Wasted chicken feed drives me nuts and I was determined to build a better feeder than those commercially available. After much research, contemplating dozens of designs and several iterations of my own, I am now happy with my feeder. There are no longer piles of wasted grain on the floor, which makes me, my chickens and my feed budget happy. I made my feeder, and you can make one too, for approximately $12.00 and in 20 minutes or less.
This is the finished feeder in my “Little Deuce Coop.”
-A PVC pipe or irrigation tubing, cut to the length that will fit your chosen location. (I used a 4″ wide pipe for the feed and a smaller one for the oyster shell, various sizes will work)
-A PVC pipe cap for the top. (I used a 4″ cap, found in plumbing section of Home Depot)
-a high corner litter pan (I bought mine at Petco for $6.00)
-a piece of scrap wood
-extra long zip ties
High corner litter pan:
Drill four holes in the pipe, two on each side where they will align with holes in stud. (see photo above)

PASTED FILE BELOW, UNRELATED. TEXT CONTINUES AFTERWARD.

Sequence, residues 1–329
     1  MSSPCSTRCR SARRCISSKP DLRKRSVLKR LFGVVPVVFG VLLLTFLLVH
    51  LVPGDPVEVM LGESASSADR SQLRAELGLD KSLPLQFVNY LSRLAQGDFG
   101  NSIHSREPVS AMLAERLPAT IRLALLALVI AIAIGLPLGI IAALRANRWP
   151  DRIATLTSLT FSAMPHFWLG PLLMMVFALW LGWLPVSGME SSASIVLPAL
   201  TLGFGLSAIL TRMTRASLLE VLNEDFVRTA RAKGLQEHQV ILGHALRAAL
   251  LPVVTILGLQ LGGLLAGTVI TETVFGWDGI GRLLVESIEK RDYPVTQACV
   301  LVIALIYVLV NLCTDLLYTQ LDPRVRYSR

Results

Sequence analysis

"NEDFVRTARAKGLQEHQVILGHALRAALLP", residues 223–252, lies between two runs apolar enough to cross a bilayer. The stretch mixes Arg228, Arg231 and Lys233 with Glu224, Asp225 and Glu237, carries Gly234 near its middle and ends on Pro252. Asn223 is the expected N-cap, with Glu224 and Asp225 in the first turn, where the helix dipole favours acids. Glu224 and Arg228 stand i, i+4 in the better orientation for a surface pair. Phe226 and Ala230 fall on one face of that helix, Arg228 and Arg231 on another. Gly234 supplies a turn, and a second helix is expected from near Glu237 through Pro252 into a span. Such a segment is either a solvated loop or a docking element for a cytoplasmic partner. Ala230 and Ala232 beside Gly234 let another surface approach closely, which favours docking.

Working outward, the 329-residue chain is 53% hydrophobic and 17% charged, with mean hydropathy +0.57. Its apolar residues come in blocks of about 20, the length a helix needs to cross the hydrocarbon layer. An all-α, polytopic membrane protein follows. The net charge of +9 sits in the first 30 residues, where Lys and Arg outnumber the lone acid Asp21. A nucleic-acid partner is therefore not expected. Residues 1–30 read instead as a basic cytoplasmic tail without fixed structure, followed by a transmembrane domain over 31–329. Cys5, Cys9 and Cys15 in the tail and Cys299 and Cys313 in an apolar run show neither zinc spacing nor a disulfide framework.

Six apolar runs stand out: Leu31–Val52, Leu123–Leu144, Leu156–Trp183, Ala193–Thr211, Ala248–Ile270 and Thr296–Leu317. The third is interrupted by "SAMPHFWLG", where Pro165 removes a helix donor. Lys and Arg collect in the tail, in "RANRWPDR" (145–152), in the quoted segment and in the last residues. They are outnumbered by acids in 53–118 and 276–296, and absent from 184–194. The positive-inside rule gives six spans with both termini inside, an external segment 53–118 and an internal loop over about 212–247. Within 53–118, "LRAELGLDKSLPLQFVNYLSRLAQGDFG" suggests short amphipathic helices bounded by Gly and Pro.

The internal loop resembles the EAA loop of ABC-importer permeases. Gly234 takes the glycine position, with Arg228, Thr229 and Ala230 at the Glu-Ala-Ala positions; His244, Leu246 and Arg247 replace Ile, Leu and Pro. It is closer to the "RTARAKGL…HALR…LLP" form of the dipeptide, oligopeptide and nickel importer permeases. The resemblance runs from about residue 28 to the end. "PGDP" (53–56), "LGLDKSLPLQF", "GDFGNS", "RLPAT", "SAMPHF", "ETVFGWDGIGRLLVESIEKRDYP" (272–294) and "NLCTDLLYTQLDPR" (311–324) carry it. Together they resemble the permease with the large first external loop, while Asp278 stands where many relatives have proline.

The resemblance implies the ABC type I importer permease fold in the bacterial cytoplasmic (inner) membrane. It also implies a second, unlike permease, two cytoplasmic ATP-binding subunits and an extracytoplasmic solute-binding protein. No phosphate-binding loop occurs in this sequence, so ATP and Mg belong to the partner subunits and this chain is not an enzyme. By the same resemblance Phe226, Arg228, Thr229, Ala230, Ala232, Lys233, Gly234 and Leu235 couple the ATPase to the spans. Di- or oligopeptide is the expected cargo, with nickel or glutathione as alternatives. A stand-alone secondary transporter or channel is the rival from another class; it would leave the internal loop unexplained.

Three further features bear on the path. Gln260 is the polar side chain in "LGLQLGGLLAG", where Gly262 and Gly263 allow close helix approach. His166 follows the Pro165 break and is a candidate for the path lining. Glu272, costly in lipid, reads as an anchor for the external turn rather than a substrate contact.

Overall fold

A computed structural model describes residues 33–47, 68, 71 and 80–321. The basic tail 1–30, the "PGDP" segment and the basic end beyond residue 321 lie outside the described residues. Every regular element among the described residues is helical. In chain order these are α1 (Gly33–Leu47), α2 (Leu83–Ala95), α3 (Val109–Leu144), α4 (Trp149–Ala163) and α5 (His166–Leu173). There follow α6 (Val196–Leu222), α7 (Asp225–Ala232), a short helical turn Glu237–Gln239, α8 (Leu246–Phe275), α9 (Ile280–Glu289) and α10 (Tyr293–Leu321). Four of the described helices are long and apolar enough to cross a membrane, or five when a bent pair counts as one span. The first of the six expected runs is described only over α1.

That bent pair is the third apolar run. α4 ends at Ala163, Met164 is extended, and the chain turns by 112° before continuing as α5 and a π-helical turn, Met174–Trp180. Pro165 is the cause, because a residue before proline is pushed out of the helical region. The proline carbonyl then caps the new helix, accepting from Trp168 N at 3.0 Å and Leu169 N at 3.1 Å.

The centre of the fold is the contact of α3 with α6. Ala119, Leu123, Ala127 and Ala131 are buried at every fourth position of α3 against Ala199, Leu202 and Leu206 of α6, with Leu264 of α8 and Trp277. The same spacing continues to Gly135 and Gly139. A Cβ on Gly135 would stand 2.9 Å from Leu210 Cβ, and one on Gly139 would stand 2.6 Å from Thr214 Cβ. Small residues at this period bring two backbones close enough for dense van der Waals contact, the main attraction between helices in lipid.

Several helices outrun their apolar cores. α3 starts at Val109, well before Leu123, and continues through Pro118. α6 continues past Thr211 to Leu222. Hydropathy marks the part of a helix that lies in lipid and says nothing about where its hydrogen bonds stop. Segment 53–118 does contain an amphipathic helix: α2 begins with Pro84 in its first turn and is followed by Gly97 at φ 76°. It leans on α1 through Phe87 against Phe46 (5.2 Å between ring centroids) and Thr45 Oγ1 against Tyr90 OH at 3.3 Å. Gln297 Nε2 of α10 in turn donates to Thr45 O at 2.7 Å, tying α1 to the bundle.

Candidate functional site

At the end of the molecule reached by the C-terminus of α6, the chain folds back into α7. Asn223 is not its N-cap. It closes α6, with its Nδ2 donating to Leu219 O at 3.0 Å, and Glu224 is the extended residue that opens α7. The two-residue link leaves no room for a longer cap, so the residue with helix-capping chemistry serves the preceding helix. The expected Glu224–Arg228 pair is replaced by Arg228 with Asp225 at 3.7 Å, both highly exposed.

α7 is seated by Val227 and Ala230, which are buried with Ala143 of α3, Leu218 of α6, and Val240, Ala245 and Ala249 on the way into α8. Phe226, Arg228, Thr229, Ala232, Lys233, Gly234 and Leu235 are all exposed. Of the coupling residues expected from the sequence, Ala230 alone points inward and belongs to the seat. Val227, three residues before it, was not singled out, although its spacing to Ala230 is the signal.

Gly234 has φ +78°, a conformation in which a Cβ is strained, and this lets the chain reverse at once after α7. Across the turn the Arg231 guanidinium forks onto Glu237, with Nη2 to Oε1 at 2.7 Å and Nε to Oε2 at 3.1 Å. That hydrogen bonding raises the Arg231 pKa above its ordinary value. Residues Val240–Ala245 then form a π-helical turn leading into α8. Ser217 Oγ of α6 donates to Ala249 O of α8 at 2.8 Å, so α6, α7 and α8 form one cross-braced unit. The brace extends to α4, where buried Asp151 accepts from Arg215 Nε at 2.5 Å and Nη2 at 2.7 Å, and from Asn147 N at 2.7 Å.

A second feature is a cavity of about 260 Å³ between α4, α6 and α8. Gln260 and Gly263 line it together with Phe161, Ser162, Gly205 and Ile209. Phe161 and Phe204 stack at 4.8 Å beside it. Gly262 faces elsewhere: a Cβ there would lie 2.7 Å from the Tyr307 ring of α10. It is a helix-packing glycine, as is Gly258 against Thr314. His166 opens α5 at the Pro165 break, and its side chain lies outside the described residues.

Drill two holes through the stud at measured increments that mirror the holes in the pipe. ( photo below)
Mark where the “feed dish” will be mounted. The pipe should sit approximately 1/4″-1/2″ above the bottom of the feed dish. If the dish is too close to the bottom of the pipe, the feed will not flow out into the dish.
Secure the scrap piece of wood to the stud with screws and washers. (as shown below).
For an oyster shell or grit dispenser:
pre-drill one hole in a pipe cap. Cap should be two inches wider than the pipe.
Secure the pipe cap to the stud with a screw and washer.
For a feed dispenser using a corner litter pan for feed:
pre-drill two holes in the back of the litter pan where it will mount to the stud. Space them so that the washers align one above the other.
Secure the corner litter pan to the stud with screws and washers.
Thread a zip tie through the two holes in the pipe and then the two holes in the stud and secure the zip tie to itself. Do the same for the second set of holes in the pipe and stud.
The finished oyster shell dispenser:
The finished feeder:
I cap my feeders with a PVC cap.
I invite you to join me on my blog, The Chicken Chick for more chicken-keeping information, tips, photos and DIY projects with a splash of creativity!